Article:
The Magnificent Marc AntonyA Roman Politician and General



Marc Antony's statue at the Vatican Museum
Marc Antony's statue at the Vatican Museum



Childhood and Career
Born in Rome to an important family in 83 B.C., Marc Antony enjoyed his youth, which was filled with many affairs and scandals. Through his roles in the military, leadership positions in Rome, and many scandals, he achieved everlasting fame.
In 54 B.C., he achieved his first military position as a cavalry officer, serving Julius Caesar in Gaul. He remained faithful to Caesar, proving his loyalty time and again. For instance, in 49 BC, he was ejected from Rome after vetoing the idea of Caesar disbanding his army. He returned to Caesar's army, where he was honored and given important roles. Later on, he ruled with him as consul. It is not known whether or not he had a hand in Caesar's death; most likely he did not, as Caesar was a friend and colleague. After Caesar's death, he was the sole consul for a very short time, before ruling as part of the Second Triumvirate. After much trouble, the Second Triumvirate finally ended (officially) in 33 B.C.
Marc Antony
Marc Antony


Marriages, Family, and Scandals
Marc Antony had at least four wives. Another woman, named Fadia, is said to have been his first wife, but this is not proven.

Antonia
In 63 B.C., Marc Antony married his cousin, Antonia. At the time, he was in his late twenties. They had a daughter, but after about eight years, Antony divorced her, believing that she had been unfaithful to him. However, he himself was not a model of fidelity, which he proved later on in his life.

Fulvia
In 47 BC, Antony married Fulvia, who helped him in making important political decisions. With her, he had two sons. He never divorced her, like he did with many of his other wives; she died in 40 B.C., leaving him a widower.

Octavia
Shortly after Fulvia's death, Antony married Octavia, who was Octavian's sister, in 39 B.C. She acted as a diplomat, keeping things civil between her husband and her brother. With Octavia, Antony fathered two daughters, both named Antonia. Both were mothers and grandmothers of important Roman politicians. The first Antonia, born in 38 B.C., was the grandmother of Nero, Rome's most hated emperor. The second daughter, born in 36 B.C., gave birth to Claudius and was a grandmother to Caligula. The marriage lasted until 32 B.C., when Antony divorced her. By that time, he had already been cheating on her with Cleopatra VII. Consequently, he divorced Octavia so he could be with Cleopatra, and seeing a war about to born between him and Octavian, Antony decided it was time for separation.

Cleopatra
Marc Antony wasn't interested in Cleopatra at first because he was in love; he wanted money. Soon after, they fell in love. Cleopatra had an affair with Marc Antony while he was married to Octavia. The affair resulted in the birth of Marc Antony's twins in 40 B.C.. When they finally married in Syria in 36 B.C., they had their third child. However, Antony's divorce from Octavian's sister made Octavian extremely angry. It didn't help that in 34 B.C., Antony gave his new wife and children some of Rome's properties. War was inevitable; it was only a matter of time before...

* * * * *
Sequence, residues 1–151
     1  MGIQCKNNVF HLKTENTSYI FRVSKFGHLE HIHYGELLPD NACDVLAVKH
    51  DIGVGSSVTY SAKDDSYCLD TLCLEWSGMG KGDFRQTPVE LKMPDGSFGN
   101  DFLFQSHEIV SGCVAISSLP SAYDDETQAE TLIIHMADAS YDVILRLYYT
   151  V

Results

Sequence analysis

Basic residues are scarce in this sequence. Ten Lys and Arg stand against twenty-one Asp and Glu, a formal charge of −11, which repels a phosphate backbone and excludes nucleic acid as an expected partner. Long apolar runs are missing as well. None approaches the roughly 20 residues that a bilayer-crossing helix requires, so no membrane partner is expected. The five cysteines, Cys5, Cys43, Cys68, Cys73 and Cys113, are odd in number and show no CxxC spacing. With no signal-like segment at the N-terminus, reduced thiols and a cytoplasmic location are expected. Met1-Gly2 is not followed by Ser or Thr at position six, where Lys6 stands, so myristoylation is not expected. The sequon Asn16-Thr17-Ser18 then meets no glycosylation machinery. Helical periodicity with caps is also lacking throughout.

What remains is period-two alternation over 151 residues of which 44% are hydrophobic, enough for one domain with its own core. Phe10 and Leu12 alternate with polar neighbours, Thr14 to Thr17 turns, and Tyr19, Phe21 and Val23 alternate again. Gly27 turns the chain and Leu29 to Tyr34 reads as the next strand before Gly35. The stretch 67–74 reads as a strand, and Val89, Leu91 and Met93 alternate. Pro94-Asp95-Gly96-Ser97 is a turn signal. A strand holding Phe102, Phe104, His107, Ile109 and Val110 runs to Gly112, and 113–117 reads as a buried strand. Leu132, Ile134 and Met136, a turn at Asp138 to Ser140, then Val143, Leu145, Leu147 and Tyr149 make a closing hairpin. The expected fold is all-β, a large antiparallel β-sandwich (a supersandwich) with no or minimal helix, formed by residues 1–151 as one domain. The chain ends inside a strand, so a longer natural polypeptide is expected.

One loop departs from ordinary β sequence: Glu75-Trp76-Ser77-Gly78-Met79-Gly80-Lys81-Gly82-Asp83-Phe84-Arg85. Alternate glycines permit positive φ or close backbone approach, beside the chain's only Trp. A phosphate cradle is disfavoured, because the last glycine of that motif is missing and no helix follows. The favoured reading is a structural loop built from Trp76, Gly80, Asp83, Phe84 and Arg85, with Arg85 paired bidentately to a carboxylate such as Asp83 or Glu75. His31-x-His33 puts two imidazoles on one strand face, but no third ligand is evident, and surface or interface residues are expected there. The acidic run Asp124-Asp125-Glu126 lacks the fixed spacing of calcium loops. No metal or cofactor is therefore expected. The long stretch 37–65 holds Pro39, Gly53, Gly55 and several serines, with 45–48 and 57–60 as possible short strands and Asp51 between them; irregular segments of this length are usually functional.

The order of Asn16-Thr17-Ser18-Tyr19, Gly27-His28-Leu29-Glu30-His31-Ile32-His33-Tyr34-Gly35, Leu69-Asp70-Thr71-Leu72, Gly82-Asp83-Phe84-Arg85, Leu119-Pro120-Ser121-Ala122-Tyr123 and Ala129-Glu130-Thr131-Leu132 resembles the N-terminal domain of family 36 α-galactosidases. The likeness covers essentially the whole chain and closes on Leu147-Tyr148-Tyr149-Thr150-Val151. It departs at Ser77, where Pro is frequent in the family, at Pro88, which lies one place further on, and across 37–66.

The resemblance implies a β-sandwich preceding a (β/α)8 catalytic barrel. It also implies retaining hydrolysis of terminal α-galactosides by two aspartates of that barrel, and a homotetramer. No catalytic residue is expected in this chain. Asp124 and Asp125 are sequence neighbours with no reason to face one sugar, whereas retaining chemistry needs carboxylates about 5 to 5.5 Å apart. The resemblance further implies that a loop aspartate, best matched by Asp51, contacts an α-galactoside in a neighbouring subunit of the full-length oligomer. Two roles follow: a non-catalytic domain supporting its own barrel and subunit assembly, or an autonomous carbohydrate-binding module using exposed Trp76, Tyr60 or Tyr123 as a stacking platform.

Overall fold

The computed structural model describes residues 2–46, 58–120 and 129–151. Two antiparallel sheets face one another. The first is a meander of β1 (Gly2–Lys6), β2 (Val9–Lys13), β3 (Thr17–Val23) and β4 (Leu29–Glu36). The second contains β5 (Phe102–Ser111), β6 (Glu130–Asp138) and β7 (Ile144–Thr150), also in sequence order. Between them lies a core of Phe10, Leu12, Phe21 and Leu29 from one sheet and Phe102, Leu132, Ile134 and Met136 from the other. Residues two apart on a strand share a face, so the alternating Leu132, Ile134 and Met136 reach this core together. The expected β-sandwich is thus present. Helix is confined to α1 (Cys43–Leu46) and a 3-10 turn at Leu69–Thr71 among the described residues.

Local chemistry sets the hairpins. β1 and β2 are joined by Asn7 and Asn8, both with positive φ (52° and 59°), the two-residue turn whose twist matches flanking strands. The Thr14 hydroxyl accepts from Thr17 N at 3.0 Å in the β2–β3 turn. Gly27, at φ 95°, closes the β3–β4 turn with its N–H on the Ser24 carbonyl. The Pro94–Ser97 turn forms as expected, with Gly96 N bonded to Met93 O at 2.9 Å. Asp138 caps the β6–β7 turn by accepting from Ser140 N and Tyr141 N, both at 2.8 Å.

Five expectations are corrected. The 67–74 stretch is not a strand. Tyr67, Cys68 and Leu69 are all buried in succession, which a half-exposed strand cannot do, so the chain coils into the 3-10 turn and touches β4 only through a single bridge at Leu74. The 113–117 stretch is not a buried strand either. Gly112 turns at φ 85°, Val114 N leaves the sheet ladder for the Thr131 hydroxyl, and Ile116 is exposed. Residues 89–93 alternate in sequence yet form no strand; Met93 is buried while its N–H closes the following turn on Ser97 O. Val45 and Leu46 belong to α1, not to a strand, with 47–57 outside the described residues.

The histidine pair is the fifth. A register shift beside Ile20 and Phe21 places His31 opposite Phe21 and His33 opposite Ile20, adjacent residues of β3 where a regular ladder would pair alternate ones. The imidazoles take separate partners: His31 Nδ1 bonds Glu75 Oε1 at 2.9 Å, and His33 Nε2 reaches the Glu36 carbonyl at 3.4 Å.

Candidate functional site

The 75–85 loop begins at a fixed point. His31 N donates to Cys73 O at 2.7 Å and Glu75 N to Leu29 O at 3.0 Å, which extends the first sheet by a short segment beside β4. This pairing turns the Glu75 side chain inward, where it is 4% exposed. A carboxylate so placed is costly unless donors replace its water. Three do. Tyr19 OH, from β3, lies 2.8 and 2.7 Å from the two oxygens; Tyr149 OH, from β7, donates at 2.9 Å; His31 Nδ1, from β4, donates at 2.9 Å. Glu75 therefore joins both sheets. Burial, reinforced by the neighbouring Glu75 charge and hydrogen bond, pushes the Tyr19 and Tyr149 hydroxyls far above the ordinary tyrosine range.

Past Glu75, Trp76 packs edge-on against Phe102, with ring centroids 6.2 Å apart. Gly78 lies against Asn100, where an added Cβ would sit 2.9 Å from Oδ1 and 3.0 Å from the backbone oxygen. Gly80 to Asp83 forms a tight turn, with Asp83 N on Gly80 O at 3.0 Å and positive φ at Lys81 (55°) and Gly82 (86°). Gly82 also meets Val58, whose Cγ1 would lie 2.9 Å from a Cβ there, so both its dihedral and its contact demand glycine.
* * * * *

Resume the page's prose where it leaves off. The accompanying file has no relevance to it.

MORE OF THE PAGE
Marc Antony and Cleopatra coins
Marc Antony and Cleopatra coins



Marc Antony's Death and the Battle of Actium
After the Second Triumvirate ended in 33 B.C., Octavian declared war on Marc Antony. His divorce from Octavia - while she was pregnant - in addition to the lands given to Cleopatra, had proved to be more than Octavian could put up with. He attacked with warships in the Battle of Actium in 31 B.C. Antony and Cleopatra fled to Alexandria. When Octavian reached them, it was a scene straight from Romeo and Juliet. A rumor had spread that Cleopatra commit suicide. Upon hearing this, Marc Antony committed suicide. Cleopatra was captured by Octavian soon after, and preferred to end her life on her own terms rather than being humiliated by becoming a Roman war prize.

Fun Facts
* Over the course of his life, Marc Antony had over seven children
* Julius Caesar was a distant relative of him, through Antony's mother, Julia Causarius
* He often let his wives control the relationship
* By the time he married Octavia, she had already been married to two of his friends.
* He committed suicide by falling on his sword










Works Cited
Asimov, Isaac. The Roman Republic. New York: Mifflin, 1996. Print.

Gill, N.S. "Who Were Antony's Wives, and How Many of Them Were There?" about.com The New York Times Company, n.d. Web. 16 May 2011.

Guanadu. "Mark Anthony Marco Antonio cleopatra." n.d. Coppermone Photo Gallery. JPEG file.

Louperivois. "Marcus Antonius." 2007. JPEG file.

"Marcus Anonius." Spartacus Educational.co.uk. n.p., n.d. Web. 10 May 2011.

"Marc Antony Timeline." The Romans - Timelines. n.p., n.d. Web. 16 May 2011."Marcus Antonius." Unrv.com. n.p., 2003. 9 May 2011.

Tataryn 77. "Mark Antony1.JPG." 2010. Vatican Mueseum. JPEG file.

William and Sinigan. "Marc Antony." The World Book Encyclopedia. 2002 ed. 2002. Print.

Zahi Hawass - The Search for Antony and Cleopatra. By Laboratoriorosso. DrHawass, 18 May, 2009. Heritage Key Image. 18 May 2011.
http://www.youtube.com/watch?v=gJ4ugRiL8WM